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The mechanisms that govern receptor coalescence into functional clusters – often a critical step in their stimulation by ligand – are poorly understood. We used single-molecule tracking to investigate the dynamics of CD36, a clustering-responsive receptor that mediates oxidized LDL uptake by macrophages. We found that CD36 motion in the membrane was spatially structured by the cortical cytoskeleton. A subpopulation of receptors diffused within linear confinement regions that simultaneously facilitated freedom of movement along one axis while increasing the effective receptor density. Co-confinement within troughs enhanced the probability of collisions between unligated receptors and promoted their clustering. Cytoskeleton perturbations that inhibited diffusion in linear confinement regions reduced receptor clustering in the absence of ligand, and, following ligand addition, suppressed CD36-mediated signaling and internalization. These observations demonstrate a role for the cytoskeleton in controlling signal transduction by structuring receptor diffusion within membrane regions that increase their collision frequency.
Receptor clustering and organization into membrane microdomains is an essential feature of transmembrane signal transduction (Cebecauer et al., 2010; Groves and Kuriyan, 2010; Scott and Pawson, 2009). While receptors were initially thought to cluster upon binding multivalent ligands (Heldin, 1995), there is increasing evidence that receptors can also exist in pre-formed clusters that get reorganized and activated upon ligand binding (Cambi et al., 2006; Chung et al., 2010; Iino et al., 2001; Livnah et al., 1999; Sako et al., 2000; Schamel et al., 2005; Varma and Mayor, 1998). Membrane microdomains enriched in cholesterol and sphingolipids (Foster et al., 2003; Friedrichson and Kurzchalia, 1998; Hess et al., 2007; Pike, 2003; Sharma et al., 2004), interactions between transmembrane proteins and the cytoskeleton (Andrews et al., 2008; Bouzigues et al., 2007; de Keijzer et al., 2011; Goswami et al., 2008; Kaizuka et al., 2009; Plowman et al., 2005; Serge et al., 2003; Suzuki et al., 2007), and interactions between proteins within the membrane (Douglass and Vale, 2005; Espenel et al., 2008) have been implicated in regulating receptor dynamics and clustering. Very little is known about these emerging mechanisms of unligated receptor clustering and their roles in controlling the signaling competence of receptors.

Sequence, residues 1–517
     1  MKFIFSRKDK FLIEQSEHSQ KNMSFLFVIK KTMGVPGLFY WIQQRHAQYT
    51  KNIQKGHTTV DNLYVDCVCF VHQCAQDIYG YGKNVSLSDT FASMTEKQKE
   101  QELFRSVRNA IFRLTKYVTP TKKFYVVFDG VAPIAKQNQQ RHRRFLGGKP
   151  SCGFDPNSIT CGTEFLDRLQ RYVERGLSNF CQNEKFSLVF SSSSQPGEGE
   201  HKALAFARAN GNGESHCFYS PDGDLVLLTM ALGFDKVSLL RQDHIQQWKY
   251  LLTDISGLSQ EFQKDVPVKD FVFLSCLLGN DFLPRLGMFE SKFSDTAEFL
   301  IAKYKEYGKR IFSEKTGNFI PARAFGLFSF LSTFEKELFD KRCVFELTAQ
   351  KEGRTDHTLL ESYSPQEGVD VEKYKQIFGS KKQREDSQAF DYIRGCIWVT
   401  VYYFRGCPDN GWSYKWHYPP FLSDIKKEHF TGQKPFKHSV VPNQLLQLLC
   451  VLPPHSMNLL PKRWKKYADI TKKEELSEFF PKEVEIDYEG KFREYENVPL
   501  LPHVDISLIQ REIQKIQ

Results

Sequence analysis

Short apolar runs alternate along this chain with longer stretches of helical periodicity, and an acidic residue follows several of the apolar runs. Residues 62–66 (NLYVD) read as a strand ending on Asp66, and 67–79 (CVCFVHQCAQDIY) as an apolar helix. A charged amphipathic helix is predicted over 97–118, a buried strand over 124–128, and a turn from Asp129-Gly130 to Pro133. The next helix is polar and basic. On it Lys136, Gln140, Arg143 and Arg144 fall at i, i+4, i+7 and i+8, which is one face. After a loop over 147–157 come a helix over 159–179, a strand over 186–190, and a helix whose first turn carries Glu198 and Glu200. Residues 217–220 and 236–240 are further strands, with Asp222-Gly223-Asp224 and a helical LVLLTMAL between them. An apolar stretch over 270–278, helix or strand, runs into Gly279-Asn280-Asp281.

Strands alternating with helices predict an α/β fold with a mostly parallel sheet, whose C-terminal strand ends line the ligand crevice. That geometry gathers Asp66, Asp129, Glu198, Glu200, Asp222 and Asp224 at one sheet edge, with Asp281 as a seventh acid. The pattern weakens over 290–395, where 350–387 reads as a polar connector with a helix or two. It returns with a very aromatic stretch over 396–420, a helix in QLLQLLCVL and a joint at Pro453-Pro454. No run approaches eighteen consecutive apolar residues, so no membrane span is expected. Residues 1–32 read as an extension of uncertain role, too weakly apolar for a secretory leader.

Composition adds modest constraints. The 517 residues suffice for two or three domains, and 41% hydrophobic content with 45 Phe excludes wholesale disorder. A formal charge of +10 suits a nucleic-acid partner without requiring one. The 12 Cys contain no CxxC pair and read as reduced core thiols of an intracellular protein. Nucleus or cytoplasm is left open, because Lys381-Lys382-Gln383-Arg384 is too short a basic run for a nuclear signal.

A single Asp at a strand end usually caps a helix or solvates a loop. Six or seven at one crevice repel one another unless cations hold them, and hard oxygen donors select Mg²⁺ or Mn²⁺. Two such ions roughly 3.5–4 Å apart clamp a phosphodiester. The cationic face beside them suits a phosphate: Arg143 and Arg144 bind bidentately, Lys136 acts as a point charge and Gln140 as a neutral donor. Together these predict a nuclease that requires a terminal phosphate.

CD36 is a clustering-responsive class B scavenger receptor expressed on the surface of platelets, endothelial cells and macrophages (Febbraio et al., 2001). In macrophages, it binds to multivalent ligands such as oxidized low-density lipoprotein (oxLDL), apoptotic cells and malaria-infected erythrocytes, implicating it in a wide range of processes, from lipid metabolism to innate immunity to tissue remodeling (Endemann et al., 1993; McGilvray et al., 2000; Savill, 1997). Biochemical studies suggest that CD36 clustering at the cell surface upon engagement of multivalent ligands triggers signal transduction and receptor-ligand complex internalization (Daviet et al., 1997; McGilvray et al., 2000). However, it is not known whether unligated CD36 exists as monomers or as clusters that facilitate the cellular response to ligand, and what factors contribute to CD36 clustering. To address these questions, we combined quantitative live-cell single-molecule imaging and immunochemical approaches to study the dynamics, clustering and signaling of CD36 in primary human macrophages.
To image single receptors, we immuno-labeled CD36 with a primary anti-CD36 Fab fragment followed by a secondary Fab fragment conjugated largely (>85%) with a single Cy3 fluorophore, and imaged the dorsal surface of macrophages using wide-field epifluorescence microscopy. The resulting images consisted of diffraction-limited spots (Figure 1A), the sub-pixel positions and peak intensities of which were determined by fitting mixtures of Gaussian kernels (Jaqaman et al., 2008) (Figure S1A).